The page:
For the Christian, however, responsibility for the poor lies with those who have wealth and power – the ability to help. The Christian, called to charity, should look to fundamentally change what it means to be in the lower class. Christians should not look to eliminate the lower class, because that is impossible. But they should look instead to transform it. If the lower class will always exist, then why not ease the suffering of poverty? Isn’t that at least part of what charity is about on all levels? If all members of society are equally valued, but not equally bequeathed, then let those who have give to those who have not! Let our economic policies reflect an effort to make being in the lower class an acceptable and bearable life. Let them attempt to shrink the chasm between those who have all of the resources, opportunity, and power, and share them with those who cannot obtain these things for themselves. Let us truly treat our neighbors with equality and let us work toward economic justice!
How do we do this? I don’t know. Is it Obama’s Health Care Bill? Probably not. As I said, I do not think politics can or will ever solve the problems of our society. But as Americans we must participate in our own governance because, by virtue of the structure of our democratic republic, that responsibility has been extended to us. And for those of us who call Christ Lord, we must see human beings through Christ’s eyes and not those of Locke, Rousseau, and Montesquieu, and we must let that vision not only dictate our political priorities, but also take us beyond their language of “rights” to take up responsibility as God’s ambassadors far beyond the legislation our government passes. I think the primary action to which Christians are called takes place within and through the Church, and from there our charity and Christ’s love should spread through all arenas of life. Politics plays a part in that.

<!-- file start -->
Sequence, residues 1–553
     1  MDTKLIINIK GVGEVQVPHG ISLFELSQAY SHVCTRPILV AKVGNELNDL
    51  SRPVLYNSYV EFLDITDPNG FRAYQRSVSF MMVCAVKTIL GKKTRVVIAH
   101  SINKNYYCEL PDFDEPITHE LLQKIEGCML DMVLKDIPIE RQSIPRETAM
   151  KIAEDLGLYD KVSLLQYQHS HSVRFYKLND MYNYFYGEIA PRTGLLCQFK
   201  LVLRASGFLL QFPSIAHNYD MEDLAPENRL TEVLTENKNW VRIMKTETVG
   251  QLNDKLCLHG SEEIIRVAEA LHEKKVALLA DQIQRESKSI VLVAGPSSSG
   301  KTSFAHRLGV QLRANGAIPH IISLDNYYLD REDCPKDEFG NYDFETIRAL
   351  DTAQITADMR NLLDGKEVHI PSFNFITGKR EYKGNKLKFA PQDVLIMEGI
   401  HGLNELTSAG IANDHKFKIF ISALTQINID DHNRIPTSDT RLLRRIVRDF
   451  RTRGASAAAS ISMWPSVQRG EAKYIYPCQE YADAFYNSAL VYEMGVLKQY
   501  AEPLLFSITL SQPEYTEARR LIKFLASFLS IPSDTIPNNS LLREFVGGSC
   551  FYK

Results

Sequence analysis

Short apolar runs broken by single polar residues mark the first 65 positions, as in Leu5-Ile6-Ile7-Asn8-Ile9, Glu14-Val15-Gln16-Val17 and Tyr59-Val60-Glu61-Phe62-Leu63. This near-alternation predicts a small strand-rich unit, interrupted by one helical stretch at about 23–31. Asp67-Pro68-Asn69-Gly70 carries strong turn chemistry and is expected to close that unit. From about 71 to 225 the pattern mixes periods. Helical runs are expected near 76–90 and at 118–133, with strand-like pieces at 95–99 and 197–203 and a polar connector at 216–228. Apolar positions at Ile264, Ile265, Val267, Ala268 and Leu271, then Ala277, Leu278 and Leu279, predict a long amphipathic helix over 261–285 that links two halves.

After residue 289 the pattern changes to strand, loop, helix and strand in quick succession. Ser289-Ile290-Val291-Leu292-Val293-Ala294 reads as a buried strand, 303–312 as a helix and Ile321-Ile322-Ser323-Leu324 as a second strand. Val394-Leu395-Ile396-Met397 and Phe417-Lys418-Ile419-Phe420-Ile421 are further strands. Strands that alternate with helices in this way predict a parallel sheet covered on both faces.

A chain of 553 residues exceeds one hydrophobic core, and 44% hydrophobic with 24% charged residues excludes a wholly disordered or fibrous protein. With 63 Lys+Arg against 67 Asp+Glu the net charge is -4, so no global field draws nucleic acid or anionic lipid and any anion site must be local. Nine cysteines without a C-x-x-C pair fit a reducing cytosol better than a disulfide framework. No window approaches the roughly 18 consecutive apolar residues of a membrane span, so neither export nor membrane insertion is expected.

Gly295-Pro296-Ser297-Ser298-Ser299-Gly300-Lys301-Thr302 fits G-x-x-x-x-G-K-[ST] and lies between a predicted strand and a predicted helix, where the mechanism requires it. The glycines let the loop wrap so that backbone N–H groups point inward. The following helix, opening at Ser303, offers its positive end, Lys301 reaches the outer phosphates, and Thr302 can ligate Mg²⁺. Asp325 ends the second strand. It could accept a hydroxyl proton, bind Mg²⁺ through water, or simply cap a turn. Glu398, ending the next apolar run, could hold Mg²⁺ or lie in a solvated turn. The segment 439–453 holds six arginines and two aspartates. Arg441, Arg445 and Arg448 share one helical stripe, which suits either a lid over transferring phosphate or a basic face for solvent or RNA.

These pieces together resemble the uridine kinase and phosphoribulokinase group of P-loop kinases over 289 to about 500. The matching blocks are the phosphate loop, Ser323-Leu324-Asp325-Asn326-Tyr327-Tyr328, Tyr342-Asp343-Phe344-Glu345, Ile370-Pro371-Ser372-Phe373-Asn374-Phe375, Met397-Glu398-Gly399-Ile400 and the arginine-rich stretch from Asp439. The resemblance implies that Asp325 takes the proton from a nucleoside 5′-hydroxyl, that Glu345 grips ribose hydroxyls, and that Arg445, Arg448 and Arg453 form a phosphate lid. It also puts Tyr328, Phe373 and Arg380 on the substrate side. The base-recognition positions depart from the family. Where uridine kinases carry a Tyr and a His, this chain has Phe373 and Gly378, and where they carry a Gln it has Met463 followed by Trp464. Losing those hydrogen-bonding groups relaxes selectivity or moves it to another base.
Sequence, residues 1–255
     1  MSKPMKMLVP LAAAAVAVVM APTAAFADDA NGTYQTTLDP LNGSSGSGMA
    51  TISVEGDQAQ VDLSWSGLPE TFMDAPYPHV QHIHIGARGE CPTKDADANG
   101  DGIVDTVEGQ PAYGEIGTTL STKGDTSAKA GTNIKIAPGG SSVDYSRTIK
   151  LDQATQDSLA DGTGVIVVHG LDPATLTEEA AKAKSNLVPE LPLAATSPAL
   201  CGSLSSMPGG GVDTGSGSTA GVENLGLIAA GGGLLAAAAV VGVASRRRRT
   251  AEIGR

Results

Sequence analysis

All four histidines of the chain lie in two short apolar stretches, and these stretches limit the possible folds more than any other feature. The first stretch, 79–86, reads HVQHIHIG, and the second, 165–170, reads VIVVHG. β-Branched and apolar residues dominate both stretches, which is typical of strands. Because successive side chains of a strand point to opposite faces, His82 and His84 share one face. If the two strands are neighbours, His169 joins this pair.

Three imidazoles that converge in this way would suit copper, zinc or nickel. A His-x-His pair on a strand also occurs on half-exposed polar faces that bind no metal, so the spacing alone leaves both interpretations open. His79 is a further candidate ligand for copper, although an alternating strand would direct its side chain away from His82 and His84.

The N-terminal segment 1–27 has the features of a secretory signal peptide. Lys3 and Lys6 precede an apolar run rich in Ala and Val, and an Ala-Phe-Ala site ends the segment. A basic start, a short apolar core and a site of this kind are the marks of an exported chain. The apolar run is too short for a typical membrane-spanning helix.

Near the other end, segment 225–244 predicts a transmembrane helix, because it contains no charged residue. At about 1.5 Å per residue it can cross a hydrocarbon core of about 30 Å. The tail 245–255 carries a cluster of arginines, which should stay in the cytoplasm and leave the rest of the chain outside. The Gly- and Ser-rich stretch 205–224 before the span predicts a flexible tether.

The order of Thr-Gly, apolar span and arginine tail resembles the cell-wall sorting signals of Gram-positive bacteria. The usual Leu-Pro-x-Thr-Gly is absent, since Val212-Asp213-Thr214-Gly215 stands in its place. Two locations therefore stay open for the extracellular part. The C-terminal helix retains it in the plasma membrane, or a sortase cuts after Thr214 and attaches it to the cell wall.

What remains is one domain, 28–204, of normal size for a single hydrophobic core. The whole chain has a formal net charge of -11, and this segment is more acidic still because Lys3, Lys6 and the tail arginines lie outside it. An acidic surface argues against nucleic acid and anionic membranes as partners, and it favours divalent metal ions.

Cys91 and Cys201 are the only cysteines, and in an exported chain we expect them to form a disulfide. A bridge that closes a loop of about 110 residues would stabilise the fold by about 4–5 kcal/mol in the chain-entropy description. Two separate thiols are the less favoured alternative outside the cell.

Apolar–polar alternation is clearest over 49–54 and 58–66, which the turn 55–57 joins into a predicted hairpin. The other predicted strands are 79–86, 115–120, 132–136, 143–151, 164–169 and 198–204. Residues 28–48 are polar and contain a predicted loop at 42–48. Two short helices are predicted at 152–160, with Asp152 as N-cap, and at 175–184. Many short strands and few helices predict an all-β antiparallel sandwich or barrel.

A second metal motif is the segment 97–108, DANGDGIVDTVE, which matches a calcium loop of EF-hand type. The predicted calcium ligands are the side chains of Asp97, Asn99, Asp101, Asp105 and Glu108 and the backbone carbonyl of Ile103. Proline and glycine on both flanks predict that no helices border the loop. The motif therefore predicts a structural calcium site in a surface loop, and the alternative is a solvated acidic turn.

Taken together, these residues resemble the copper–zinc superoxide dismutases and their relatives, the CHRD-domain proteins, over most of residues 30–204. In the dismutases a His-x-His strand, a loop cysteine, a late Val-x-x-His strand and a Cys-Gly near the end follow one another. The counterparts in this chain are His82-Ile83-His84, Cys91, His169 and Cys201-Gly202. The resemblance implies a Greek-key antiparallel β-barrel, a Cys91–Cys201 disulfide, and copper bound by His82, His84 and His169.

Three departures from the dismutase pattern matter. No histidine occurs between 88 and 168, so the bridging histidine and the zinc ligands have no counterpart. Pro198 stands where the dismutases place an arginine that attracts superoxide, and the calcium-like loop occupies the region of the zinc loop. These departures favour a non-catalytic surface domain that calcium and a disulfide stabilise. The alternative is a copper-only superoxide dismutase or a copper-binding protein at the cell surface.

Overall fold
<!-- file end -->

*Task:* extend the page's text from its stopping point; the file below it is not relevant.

As for the examples Mike mentioned – the failures of Venezuelan socialism and the Soviet Union’s communism, etc… it was not simply and straightforwardly economic policy that cause them to fail. There are always many other factors at play, and that history is up for interpretation. What I do see clearly in recent history is a general move toward socialism – a trail surely blazed in Europe, but then followed, if not hesitantly, by the United States. There is of course, as I said previously, a balance to be had: because on the far extreme of socialism there is a killing of the market and failure of the economy, while the capitalist extreme of Laissez-faire economics only gift-wraps all of the wealth and hands it over to the powerful and affluent, creating a small upper class, a small middle class, and a huge lower class. In the US, it is only because of the regulatory involvement of government over the market, and the social programs instituted since the Great Depression, that 1) we have such a robust and thriving middle class, and 2) that poverty in the United States is so much more bearable than in other countries. We have the choice to try and make it more than bearable.